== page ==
Angels & Demons

WRITTEN BY: Blythe Nilsson

“The devil is in the details,” is a phrase we all have heard, and it certainly applies to life with T1D. I’ve met all kinds of diabetes devils since my two year-old’s diagnosis in 2006. I’ve discovered some angels too. Like their demon counterparts, my diabetes angels like to catch me off guard, whistling in on seraphic wings to save the day just when I least expect it, usually in disguise.  They help with the demons.

Diabetes demons are not just the terrifying, mortal facts of the condition itself but the ignorance, fear, doubt and depression that it stirs in others OR in ourselves. Mark Twain claimed that with time, humor becomes perhaps the best way to deal with tragic circumstances; maybe the thing to do with our diabetes demons is learn to laugh at them.

My favorite diabetes demon is a Singaporean taxi driver who tried to kick me out of his cab seven years ago. I’d jumped into his back seat holding a seizing twenty-four month-old in my arms (my son had a rapid onset of a vicious stomach flu and had gone into insulin shock).

Kip in Phuket“Much trouble” the driver muttered, locking his wheel and making shooing motions with his arms, at which point I became so hysterical that I started screaming and waving my cocked Glucagon syringe in the vicinity of the driver’s neck and eyeballs. I likely would have wrestled him out of the cab and driven to the hospital myself, had our building doormen not come to our rescue.

For the rest of our stay in Singapore, these doormen addressed me only as “Mommy-ah”, holding up a hand as if pushing a syringe, and one of my children’s favorite stories became, “Remember when Mommy-ah threatened that driver with a big needle?” It became as funny to them as it was to the doormen, and through their teasing they found us a way to laugh off the big scary demon of a terrifying diabetes moment and that awful taxi driver.

Indeed, “Mommy-ah” was for a period a running joke in our family; whenever someone unexpectedly said something particularly insensitive about T1D and my husband or sons could see that look in my eye, one of them would exclaim, “Mommy-ah”! It worked; we’d share a superior laugh, and better yet I wouldn’t embarrass anyone, or threaten to stab them.

The diabetes demon who wakes me up at night, of course, is despair. Despair that I don’t have the regimen right, that my child will have health complications, despair that I hover too much and don’t give him independence, despair that I’m not there enough, despair that he feels all alone in this disease even if I’m there all the time. I don’t have a way to laugh off this particular demon, which is why I need my angels. I love my diabetes angels. They have the power to change not just your T1D experience, but your whole life.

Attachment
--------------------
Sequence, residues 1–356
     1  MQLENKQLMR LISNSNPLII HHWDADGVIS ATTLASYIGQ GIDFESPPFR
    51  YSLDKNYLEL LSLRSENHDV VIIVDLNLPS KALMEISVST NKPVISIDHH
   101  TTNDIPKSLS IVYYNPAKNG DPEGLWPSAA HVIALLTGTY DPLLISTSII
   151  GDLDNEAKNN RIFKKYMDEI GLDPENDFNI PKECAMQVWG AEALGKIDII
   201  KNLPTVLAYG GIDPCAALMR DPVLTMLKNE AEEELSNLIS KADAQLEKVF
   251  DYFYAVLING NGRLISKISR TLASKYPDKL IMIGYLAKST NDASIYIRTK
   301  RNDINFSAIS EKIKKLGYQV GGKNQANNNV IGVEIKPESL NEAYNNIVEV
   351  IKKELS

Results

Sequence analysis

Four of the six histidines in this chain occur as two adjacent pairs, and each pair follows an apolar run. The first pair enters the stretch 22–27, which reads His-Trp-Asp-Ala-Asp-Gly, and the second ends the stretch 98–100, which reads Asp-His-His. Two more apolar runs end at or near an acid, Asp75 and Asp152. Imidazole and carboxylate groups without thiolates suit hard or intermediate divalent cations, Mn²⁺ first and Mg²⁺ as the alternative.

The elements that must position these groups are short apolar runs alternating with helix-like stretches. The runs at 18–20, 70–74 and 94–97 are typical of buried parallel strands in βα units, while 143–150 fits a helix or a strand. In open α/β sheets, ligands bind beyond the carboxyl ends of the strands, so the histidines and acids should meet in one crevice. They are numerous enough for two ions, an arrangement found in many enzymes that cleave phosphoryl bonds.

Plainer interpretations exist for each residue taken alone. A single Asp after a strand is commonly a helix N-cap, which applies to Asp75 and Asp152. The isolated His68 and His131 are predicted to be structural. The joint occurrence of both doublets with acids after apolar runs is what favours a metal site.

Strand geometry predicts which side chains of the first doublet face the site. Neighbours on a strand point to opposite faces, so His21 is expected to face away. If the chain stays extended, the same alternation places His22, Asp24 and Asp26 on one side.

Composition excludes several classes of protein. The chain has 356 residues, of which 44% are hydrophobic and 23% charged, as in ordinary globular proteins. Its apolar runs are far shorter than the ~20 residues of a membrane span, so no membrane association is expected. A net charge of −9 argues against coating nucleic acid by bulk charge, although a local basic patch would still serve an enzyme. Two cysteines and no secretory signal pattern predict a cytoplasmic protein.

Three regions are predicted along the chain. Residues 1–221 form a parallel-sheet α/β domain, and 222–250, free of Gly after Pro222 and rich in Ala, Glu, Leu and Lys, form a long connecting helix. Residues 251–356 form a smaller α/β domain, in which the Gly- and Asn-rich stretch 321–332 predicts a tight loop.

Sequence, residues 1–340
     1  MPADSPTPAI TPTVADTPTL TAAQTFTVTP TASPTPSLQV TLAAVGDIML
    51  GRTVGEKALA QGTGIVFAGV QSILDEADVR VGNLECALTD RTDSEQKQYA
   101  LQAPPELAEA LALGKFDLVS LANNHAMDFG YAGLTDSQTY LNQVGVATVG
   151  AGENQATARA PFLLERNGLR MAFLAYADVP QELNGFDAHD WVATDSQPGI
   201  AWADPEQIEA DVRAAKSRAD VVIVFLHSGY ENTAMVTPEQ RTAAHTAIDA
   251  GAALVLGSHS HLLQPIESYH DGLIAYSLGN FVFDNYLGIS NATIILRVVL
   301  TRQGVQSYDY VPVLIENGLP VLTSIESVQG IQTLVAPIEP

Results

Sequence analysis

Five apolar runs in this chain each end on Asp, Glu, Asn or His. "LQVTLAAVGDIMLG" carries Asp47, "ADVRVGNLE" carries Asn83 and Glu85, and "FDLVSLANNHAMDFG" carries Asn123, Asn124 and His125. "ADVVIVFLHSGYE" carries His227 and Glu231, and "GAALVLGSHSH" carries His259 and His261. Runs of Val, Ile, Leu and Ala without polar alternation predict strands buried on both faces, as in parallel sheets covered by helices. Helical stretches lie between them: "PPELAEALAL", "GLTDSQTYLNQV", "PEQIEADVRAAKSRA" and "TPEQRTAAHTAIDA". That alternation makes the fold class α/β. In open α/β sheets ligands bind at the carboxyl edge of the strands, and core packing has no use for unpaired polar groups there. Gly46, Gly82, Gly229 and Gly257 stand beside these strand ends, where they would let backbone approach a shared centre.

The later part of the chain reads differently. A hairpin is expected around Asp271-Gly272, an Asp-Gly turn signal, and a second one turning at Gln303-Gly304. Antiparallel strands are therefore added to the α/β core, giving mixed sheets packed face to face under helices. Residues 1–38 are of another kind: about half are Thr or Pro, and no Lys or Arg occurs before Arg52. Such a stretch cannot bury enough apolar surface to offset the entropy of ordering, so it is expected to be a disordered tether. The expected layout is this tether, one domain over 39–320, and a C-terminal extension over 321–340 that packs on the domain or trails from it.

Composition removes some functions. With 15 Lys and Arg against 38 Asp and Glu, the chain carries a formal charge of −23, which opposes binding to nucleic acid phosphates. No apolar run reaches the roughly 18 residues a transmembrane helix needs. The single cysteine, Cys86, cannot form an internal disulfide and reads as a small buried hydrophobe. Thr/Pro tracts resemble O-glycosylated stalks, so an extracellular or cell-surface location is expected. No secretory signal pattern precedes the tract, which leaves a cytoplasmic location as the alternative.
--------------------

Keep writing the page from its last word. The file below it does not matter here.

I keep a list of my angels, and sometimes I catch myself reciting their names in my mind as if I were saying a rosary. There’s Carley, who on learning that my six year-old T1D son had never been to someone else’s house for a sleepover, insisted on teaching herself to check blood sugars and work a pump so she could get up at 2 am and give my son insulin if necessary.   She continues to get up at night when my son is with her family to this day. There’s Sarah, who, sight unseen, helped me find my son’s amazing endocrinologist when we arrived in the States after four years in Asia. There’s Nate, who celebrated his 4th birthday when our son was newly diagnosed, and chose to serve only foods which we were most comfortable counting carbs and adjusting insulin.   There are 24 teachers and aides at the Singaporean American School who sat in a circle and pricked their fingers to check their blood sugar in a show of solidarity and an effort to educate themselves about what our son was experiencing.

The list goes on and on, but what is remarkable about it is that most of the people I mention were not then especially close to me or to my son.   They are simply loving, kind people. They are my angels, and their goodness is a constant inspiration to me.


Blythe Nilsson

A former English teacher with a Masters in English Education from Columbia University, Blythe has lived and worked all around the world. She likes words, learning, and traveling to new places. Her son Kip was diagnosed at 24 months while their family was living in South East Asia. Blythe also serves as a consulting editor for Beyond Type 1.